While the 22 Tennessee Junior Miss contestants are getting ready for the competition tonight and Saturday, the judges are preparing as well.
There are five judges of the event, as well as a minimum of three judges for the scholastic category. Each year, judges go through orientation to help things go smoothly. During this orientation judges are warned not to let their impression of the contestant in her interview carry over into other areas.
The judges are given the contestants biographies by the judges chairperson , who is with them throughout the week. The competition is divided into five categories: interview (25 percent), fitness (15 percent), talent (25 percent), self-expression (15 percent) and scholastics (20 percent). The Junior Miss program is dedicated to keeping its judges from becoming biased or having their decision affected by outside sources, as a part of that judges are not permitted to speak with the media during the program. However, past judges can offer insight into the program.
Donna Lowe, Tennessee Junior Miss board member and 1989 Soddy- Daisy Junior Miss, judged for eight or nine years before becoming a judges chairperson. Lowe said she stayed with the program because of the people she was able to meet and the opportunity to help girls get scholarships.
Lowe said her favorite category as a judge was "interview because I'm in human resources."
"An interview can tell you everything about a person," Lowe said.
When judging the interview category, Lowe looked for body language and confidence. Lowe likes to do her research on the participants by looking into their social media prescence. The girls also do their homework in preparation for the intervies. Lowe said she knows of one girl that is having three mock interviews a week.
“I like interview because it lets you see who the young ladies really are,” said Traci Fant, co-chair of the Tennessee Junior Miss and a past judge for state and local programs.
The interview has nine minutes of questions and one minute for the girls to give a final impression. Although judges write questions ahead of time, they still have the flexiblity to ask questions based on the girls answers.
The interview is one of two categories that the audience on Friday and Saturday cannot watch. The other is the scholastic score. The scholastic score is not just the contestant’s GPA. Fant said the scholastic committee also looks at SAT or ACT scores as well as the types of classes the contestant took. A girl with a high SAT score who has not taken AP classes might get a lower score than a girl with a lower SAT score who took multiple AP classes. New for this year, girls who have not taken the SAT or ACT will still have a score (calculated by the judges) in that category for the final calculation, Fant said.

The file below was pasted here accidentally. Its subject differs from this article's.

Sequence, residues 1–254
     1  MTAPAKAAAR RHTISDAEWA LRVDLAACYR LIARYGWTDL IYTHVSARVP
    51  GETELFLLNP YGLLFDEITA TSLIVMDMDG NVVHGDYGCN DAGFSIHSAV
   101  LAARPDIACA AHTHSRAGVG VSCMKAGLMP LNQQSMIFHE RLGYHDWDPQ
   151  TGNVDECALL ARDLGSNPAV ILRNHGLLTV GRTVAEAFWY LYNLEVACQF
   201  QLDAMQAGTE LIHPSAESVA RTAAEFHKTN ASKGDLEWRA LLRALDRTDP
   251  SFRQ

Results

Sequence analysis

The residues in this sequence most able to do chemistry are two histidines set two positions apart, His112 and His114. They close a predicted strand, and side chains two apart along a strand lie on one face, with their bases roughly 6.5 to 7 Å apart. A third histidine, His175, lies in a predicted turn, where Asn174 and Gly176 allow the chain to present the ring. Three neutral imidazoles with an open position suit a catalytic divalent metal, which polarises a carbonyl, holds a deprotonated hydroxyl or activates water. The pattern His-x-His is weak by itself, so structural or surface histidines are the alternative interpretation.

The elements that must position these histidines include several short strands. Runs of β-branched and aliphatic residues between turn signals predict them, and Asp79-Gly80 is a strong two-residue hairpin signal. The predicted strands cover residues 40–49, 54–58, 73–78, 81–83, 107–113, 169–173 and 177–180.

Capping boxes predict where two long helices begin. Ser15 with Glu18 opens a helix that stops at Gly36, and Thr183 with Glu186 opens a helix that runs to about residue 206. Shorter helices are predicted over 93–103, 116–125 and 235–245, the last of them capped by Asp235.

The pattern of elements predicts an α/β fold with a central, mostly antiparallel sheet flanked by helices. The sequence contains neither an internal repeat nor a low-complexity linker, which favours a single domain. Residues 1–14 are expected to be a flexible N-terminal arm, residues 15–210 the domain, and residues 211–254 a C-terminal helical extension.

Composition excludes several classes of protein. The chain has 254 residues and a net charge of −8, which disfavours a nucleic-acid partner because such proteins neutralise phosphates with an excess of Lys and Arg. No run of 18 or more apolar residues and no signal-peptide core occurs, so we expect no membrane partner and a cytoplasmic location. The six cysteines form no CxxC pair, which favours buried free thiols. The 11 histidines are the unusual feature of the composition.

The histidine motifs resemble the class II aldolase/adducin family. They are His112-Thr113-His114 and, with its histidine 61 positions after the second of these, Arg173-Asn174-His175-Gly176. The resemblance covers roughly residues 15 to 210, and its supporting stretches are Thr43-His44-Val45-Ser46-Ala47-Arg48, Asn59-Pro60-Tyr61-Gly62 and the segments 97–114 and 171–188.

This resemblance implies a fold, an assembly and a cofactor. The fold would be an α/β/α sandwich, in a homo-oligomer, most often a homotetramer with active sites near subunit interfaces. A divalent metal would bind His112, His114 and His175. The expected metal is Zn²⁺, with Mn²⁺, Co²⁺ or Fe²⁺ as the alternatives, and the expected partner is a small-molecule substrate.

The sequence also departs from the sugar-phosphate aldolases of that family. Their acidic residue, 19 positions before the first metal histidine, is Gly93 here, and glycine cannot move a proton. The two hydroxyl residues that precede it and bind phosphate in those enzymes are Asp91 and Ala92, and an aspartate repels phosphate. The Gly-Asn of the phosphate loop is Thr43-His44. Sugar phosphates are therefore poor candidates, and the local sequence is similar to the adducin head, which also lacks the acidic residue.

The categories the audience does get to see are fitness, talent and self expression. Although this is a group performance each girl is only judged by her performance when the spotlight is on her. In this category, Lowe said she looks for the girl that can perform the “high impact aerobics routine” and still stay composed. She also notes hard breathing, posture, coordination, stamina and tone.
“I look for someone who stands out,” Lowe said.
Girls can also stand out during the talent and self-expression portions of the competition. Each girl gets to choose the talent she will demonstrate. Fant said she has seen wide variety of talent including a girl who did a volleyball demonstration. Tom Jenkins, director of production for Tennessee Junior Miss and a former judge, said when judging the self-expression category he would be looking for appropriateness of the girls’ dress, how the dress suited the girl, if she looked comfortable and how the she moved on stage. Jenkins said this category has changed over the years replacing prom type gowns with cocktail dresses and calling it self-expression instead of poise and composure. This category also requires the girls to answer a question from the judges. Jenkins said the girls receive the question two or three hours before this part of the program. In this category, he looked for an answer that addressed the question and spoke from the heart.
The judges determine a winner in each category and an overall winner. However, the Spirit of Junior Miss is chosen by the contestants. The girls participant in the local level of Junior Miss in their junior year in high school. The state competition is held in the summer after their junior year and the national level is the following summer.